This article is for information purposes only. Please contact a privacy attorney for specific guidance.
According to the California Consumer Privacy Act's (CPRA) Data Breach Notification Law, organizations in California are required to notify their consumers in the event of a data breach.
California law requires a business or state agency to notify any California resident whose unencrypted personal information, as defined, was acquired, or reasonably believed to have been acquired, by an unauthorized person. (California Civil Code s. 1798.29(a) [agency] and California Civ. Code s. 1798.82(a) [person or business].)
Any person or business that is required to issue a security breach notification to more than 500 California residents as a result of a single breach of the security system shall electronically submit a single sample copy of that security breach notification, excluding any personally identifiable information, to the Attorney General. (California Civil Code s. 1798.29(e) [agency] and California Civ. Code s. 1798.82(f) [person or business].)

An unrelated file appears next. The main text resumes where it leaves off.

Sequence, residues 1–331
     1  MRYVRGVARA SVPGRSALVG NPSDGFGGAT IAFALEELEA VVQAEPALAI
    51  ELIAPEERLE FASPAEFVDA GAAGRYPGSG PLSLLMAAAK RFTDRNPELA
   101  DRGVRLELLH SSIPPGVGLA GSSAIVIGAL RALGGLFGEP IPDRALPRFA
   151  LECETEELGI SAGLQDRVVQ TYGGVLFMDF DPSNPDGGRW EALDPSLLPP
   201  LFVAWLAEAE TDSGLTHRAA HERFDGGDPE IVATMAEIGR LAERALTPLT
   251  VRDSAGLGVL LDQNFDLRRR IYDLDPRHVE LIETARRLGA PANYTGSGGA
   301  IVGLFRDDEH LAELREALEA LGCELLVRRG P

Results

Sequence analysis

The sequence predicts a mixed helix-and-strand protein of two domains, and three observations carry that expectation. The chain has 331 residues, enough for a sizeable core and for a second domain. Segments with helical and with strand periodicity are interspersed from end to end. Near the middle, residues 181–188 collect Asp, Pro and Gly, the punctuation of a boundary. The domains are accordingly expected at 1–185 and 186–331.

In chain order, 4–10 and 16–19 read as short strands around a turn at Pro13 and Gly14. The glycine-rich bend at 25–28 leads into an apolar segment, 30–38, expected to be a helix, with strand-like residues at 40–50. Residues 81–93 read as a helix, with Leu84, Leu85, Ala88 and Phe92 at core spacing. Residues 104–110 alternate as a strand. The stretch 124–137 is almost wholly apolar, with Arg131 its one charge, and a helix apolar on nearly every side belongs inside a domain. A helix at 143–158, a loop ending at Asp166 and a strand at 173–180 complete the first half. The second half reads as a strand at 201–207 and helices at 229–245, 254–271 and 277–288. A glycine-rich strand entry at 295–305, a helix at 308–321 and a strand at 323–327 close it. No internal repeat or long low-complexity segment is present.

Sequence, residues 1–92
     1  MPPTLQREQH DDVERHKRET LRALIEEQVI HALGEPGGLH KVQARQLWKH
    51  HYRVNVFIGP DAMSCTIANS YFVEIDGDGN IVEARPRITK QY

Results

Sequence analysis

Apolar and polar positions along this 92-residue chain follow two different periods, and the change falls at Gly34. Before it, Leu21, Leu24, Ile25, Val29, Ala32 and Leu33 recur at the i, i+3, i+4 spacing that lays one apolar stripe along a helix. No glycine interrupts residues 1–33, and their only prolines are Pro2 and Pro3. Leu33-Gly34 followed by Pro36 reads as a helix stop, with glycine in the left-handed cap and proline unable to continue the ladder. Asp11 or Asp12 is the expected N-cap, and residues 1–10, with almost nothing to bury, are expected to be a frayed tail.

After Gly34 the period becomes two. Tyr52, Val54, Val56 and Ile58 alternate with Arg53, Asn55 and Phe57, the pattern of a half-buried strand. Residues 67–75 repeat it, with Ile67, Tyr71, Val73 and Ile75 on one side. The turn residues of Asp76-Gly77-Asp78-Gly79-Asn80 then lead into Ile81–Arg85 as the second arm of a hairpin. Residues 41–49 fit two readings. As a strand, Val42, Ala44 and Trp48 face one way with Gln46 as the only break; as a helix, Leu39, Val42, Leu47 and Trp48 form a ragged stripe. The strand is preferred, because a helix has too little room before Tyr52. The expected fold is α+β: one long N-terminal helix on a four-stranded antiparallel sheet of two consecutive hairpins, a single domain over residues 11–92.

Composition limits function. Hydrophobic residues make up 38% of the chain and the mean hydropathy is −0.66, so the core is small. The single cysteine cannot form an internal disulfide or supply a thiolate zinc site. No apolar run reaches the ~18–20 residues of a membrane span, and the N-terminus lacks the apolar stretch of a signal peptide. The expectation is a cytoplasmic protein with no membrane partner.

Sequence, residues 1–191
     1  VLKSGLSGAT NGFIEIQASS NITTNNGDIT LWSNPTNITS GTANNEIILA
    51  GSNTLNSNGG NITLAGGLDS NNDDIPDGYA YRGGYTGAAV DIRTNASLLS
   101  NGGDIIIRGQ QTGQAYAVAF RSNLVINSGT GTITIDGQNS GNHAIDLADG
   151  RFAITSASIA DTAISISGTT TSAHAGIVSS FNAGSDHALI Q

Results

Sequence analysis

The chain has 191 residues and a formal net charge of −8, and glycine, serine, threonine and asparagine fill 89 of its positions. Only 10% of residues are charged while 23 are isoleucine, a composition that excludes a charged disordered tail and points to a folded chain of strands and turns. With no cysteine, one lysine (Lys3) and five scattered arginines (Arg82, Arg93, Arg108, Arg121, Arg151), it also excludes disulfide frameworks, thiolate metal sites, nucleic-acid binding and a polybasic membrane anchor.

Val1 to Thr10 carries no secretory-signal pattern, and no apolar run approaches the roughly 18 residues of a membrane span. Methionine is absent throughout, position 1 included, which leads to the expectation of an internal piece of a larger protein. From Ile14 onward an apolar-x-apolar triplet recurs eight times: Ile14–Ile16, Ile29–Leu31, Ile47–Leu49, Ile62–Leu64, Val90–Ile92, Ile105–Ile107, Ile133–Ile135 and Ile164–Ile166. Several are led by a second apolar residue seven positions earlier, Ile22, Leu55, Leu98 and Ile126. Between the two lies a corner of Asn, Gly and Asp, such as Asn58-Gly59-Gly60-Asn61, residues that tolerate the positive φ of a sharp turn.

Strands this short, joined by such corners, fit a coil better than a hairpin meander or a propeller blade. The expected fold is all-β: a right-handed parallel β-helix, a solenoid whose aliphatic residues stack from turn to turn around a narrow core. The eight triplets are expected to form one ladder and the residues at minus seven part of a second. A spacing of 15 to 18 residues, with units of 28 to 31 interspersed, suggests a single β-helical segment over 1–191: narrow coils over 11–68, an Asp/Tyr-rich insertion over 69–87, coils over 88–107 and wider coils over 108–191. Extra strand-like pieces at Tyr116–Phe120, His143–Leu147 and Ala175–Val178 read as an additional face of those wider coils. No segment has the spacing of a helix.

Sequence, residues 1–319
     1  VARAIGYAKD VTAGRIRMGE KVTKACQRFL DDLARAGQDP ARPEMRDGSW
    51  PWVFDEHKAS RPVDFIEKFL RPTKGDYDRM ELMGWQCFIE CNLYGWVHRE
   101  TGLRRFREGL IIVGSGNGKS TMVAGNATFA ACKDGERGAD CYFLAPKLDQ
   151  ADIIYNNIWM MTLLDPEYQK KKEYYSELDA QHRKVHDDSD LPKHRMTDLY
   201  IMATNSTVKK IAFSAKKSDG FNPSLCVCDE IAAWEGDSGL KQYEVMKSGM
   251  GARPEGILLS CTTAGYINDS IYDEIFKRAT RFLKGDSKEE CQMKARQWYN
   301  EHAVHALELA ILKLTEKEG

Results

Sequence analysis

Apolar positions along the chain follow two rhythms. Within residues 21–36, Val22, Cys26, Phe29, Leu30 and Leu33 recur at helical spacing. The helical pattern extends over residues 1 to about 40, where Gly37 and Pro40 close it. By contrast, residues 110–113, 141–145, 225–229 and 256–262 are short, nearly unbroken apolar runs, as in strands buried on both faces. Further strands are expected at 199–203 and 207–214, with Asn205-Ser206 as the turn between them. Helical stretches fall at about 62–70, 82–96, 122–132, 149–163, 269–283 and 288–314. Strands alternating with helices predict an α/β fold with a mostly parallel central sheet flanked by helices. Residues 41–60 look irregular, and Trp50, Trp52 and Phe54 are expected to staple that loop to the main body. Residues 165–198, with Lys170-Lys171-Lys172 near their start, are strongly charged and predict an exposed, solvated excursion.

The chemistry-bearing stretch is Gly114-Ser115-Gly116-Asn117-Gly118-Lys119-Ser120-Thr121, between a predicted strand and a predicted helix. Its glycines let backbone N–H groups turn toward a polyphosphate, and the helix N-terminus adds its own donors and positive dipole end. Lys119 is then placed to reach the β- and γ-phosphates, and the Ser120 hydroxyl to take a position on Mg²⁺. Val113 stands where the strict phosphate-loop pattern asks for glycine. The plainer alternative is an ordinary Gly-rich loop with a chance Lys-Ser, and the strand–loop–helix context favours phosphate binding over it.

The law states a breach must be reported to law enforcement and consumers affected as soon as possible and may only be delayed if a written or oral statement from law enforcement is provided stating notification would impede an investigation. In addition, if a single breach affects more than 500 consumers, the California Attorney General must also be notified.
A breach notification includes several sections, including what happened, what information was compromised, what actions are being taken, and what consumers can do to protect their data. The description of the breach itself must be written in plain language and contain a minimum of the following:
The organization itself can decide if it wishes to publish additional information regarding what steps it has taken to protect the affected consumers and any advice it has for individuals to take.